One of the most important steps in soil testing is collecting the soil sample. The soil sample is the fi rst part of the soil testing process and the foundation for information derived from laboratory analyses, soil test interpretations, and recommendations. Also, soil sampling is the largest source of errors in the soil testing process.
Remember why you are taking soil samples -- to obtain information on which you can base recommendations and decisions concerning fertilizer, manure, and limestone use.
A comprehensive soil fertility and organic matter map for each fi eld is desirable as a basis on which to adjust fertilizer, manure, and limestone use. Over- or undertreatment may reduce profi ts. Best decisions can be made only if soil samples are representative of the areas sampled and accurately refl ect differences in the fi eld. You should remember that a very small amount of soil collected for samples will represent large fi eld areas. It is essential to select uniform sampling areas and to take a representative soil sample from each sample area.
M. Mulroy, R. Sabatelli, C. Malley, R. Waldron, and Lesia Oesterreich
Lesia Oesterreich, M. Mulroy, R. Sabatelli, C. Malley, and R. Waldron
Does your TV spend more time with your kids than you do? Are you worried about what they see and learn? If so, it may be time to rethink your family viewing habits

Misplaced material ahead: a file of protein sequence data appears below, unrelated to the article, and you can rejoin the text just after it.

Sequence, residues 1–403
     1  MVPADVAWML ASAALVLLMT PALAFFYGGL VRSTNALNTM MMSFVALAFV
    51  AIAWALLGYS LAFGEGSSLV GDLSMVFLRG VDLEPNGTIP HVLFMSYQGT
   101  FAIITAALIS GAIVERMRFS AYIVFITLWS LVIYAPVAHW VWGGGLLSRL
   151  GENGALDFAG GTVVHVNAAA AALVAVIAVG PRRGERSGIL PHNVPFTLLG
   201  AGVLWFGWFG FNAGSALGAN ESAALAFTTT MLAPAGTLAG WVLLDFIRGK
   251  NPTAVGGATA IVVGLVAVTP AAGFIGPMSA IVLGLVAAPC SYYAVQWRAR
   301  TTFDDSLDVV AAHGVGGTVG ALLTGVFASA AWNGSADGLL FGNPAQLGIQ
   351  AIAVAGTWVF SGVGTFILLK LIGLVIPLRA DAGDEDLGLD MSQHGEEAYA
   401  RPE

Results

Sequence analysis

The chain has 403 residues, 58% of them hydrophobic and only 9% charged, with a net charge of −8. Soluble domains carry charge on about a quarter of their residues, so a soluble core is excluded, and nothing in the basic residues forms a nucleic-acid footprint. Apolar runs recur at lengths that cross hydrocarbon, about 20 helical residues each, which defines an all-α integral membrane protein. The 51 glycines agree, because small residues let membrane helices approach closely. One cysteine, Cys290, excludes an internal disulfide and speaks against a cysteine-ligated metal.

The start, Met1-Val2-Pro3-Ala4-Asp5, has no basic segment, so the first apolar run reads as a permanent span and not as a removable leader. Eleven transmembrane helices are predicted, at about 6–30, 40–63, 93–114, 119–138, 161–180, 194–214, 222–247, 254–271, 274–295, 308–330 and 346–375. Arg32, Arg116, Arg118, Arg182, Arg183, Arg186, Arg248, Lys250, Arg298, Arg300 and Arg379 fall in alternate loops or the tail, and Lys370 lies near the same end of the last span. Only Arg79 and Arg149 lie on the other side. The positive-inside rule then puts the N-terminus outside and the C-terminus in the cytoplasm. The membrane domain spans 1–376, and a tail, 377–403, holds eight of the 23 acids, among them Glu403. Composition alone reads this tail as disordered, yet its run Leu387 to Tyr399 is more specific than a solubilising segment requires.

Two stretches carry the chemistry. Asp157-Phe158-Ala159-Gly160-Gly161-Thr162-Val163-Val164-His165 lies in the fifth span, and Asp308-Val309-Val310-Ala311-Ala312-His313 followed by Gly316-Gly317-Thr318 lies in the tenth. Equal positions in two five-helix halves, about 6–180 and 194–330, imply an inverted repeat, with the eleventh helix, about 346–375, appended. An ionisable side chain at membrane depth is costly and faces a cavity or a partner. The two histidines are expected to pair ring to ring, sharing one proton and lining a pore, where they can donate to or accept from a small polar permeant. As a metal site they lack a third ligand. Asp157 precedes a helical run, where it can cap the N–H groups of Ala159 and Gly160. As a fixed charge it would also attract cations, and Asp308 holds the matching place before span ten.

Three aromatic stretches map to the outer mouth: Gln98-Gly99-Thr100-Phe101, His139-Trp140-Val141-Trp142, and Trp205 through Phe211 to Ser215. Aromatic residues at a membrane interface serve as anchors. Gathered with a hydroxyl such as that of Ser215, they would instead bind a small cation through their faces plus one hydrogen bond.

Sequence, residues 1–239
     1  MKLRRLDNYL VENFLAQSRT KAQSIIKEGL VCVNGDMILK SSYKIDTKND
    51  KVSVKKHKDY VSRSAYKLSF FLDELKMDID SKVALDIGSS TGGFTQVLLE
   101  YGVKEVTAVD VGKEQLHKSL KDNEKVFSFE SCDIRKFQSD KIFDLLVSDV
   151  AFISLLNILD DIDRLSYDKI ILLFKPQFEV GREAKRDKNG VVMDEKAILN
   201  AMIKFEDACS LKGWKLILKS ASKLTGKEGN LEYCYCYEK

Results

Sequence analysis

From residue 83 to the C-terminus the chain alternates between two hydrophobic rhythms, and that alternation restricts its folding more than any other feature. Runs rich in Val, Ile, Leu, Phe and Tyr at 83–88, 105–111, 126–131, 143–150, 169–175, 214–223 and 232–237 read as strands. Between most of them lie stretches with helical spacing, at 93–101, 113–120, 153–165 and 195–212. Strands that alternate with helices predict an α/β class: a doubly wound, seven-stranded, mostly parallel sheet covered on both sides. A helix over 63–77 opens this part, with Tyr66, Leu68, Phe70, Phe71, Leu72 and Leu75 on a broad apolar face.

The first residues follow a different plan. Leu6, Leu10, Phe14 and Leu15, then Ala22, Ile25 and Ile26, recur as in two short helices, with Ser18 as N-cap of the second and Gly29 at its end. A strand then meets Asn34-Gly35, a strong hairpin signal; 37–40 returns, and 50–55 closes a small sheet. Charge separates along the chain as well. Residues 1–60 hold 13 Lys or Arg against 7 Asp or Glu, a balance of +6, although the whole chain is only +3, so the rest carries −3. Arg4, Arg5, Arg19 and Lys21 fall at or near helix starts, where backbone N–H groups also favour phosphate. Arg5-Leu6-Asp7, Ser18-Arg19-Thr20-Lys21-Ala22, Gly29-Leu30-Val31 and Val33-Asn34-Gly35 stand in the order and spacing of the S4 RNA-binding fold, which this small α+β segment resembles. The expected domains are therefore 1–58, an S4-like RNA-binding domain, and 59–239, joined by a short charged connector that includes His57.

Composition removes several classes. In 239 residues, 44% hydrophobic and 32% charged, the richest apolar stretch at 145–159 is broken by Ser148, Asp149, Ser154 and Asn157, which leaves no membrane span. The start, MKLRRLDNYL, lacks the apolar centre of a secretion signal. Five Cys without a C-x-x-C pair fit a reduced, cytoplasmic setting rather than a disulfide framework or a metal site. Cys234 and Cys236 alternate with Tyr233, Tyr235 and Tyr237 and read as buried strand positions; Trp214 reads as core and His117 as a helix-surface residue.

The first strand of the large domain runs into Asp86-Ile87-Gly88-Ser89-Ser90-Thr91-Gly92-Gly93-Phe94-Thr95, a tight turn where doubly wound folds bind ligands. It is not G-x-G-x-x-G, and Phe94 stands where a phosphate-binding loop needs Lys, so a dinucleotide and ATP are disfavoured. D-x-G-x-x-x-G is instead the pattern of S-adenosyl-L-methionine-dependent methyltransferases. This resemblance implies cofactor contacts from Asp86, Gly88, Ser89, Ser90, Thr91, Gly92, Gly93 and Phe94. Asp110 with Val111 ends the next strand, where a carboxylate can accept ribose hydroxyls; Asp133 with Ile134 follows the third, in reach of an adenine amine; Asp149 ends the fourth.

Diana R. Cochran, Mike White, Plant and Insect Diagnostic Clinic, Midwest Grape and Wine Industry Institute, Iowa Department of Agriculture Pesticide Bureau, and Iowa Wine Growers Association
Crop Protection Network
This publication examines the symptoms and signs of tar spot of corn, conditions that favor the disease, the disease cycle, and how tar spot differs from other plant problems that may look similar.
Jamie Benning, Kristina TeBockhorst, and Jason Johnson
What are terraces?
A terrace is an earthen embankment constructed across a field slope, typically following the contour, and can be designed to temporarily store runoff or convey runoff to waterways. Terraces break up the slope length of the field into multiple shorter slope sections, slowing the flow rate of runoff, reducing sheet and rill erosion and preventing the formation of ephemeral gullies. As terraces temporarily store and slowly infiltrate or discharge runoff, they conserve soil moisture, reduce streamflow by 5%, allow sediment to settle out, and reduce phosphorus loads by 77%. Terraces improve the ability to farm slopes and are designed based on equipment needs. Additionally, terrace vegetation can provide cover for wildlife. Terraces should be used in conjunction with other soil conservation practices on the landscape to prevent sedimentation.